What does play-based speech therapy activities look like

Play-based speech therapy is when a speech pathologist (SLP) plans speech and/or language activities around a play toy or activity. The SLP will create opportunities for the child to practice the target skill while enjoying motivating toys and activities that are relevant to the child’s interests. 

  • Children are motivated to engage and communicate when playing with materials of interest.
  • Play-based therapy helps increase attention and build better positive interactions.
  • Children learn the social skills necessary for playing with toys and make progress on speech and/or language goals in a naturalistic setting.
  • The child will make better connections with real-life events and will improve memory.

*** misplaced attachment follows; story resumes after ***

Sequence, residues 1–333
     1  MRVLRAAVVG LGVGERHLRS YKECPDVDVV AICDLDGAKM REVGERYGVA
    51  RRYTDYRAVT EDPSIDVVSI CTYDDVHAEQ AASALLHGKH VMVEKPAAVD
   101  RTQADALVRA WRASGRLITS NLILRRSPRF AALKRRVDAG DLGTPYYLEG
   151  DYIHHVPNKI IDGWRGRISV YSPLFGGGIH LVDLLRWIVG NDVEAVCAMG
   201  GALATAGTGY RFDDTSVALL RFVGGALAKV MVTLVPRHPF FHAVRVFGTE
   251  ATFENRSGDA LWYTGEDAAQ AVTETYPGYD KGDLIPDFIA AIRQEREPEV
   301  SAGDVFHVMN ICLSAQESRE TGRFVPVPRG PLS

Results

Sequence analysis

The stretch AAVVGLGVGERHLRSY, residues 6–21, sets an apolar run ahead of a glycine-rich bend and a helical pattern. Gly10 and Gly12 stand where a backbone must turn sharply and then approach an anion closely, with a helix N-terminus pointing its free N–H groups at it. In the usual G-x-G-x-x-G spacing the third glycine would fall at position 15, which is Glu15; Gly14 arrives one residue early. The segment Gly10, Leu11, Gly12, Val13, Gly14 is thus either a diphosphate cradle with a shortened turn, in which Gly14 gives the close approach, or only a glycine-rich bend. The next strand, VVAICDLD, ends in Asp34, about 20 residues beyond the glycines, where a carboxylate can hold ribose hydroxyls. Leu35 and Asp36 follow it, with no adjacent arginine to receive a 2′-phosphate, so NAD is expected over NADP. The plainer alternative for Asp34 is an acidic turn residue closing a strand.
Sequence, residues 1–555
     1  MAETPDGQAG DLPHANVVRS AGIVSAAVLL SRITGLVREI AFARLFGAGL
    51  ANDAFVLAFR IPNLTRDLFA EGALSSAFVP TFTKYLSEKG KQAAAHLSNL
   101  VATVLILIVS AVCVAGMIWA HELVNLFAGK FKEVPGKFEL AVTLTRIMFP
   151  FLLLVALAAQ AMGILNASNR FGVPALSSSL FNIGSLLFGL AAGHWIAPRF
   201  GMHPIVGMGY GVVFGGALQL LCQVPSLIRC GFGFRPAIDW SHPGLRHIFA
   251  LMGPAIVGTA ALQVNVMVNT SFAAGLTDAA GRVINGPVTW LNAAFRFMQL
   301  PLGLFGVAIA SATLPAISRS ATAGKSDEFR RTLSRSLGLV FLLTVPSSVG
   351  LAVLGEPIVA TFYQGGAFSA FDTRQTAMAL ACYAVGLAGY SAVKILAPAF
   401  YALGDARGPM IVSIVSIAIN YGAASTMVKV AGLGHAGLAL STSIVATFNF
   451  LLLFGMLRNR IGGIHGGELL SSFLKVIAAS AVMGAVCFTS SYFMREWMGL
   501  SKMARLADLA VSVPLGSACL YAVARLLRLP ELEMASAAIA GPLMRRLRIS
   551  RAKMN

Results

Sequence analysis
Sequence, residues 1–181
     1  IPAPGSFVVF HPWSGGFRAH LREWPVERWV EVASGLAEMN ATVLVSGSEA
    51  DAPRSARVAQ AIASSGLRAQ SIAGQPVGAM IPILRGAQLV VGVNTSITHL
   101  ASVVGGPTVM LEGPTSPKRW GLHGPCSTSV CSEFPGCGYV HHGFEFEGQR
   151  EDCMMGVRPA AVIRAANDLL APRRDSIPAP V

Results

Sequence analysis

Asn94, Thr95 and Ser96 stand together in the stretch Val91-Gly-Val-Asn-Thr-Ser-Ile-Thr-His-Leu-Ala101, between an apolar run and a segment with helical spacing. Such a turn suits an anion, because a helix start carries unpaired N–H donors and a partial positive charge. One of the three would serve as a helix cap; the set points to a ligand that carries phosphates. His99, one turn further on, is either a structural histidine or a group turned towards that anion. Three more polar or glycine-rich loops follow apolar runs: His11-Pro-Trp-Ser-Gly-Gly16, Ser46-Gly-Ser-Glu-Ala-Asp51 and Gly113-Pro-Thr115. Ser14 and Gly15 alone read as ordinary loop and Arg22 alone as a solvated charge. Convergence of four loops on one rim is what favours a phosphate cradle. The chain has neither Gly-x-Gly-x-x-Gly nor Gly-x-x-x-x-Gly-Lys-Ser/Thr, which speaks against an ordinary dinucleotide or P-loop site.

Types of Play That Can Be Targeted in Play-Based Speech Therapy


Using senses of touch, taste, and smell to learn about new objects. If you see a child shaking, dumping, throwing, mouthing, or smell items they are exploring play.

Functional play:

Investigating how common objects work and are used.

Construction play:

Building things with objects.

Game play with rules:

Board games that have a clear set of rules for playing.

Outdoor and movement play:

Activities that involve physical movement.

Symbolic, dramatic, and pretend play:

Common activities are done in everyday life as play.

If you work with younger-aged students, then planning play-based speech therapy sessions can help you save time with lesson plans and increase engagement with students!

You can adapt toys to cover multiple goals, so you can use the toy in many of your sessions. I love utilizing a toy or a pretend play theme for many of my mixed group sessions! Adapting materials sparks joy in this SLP.

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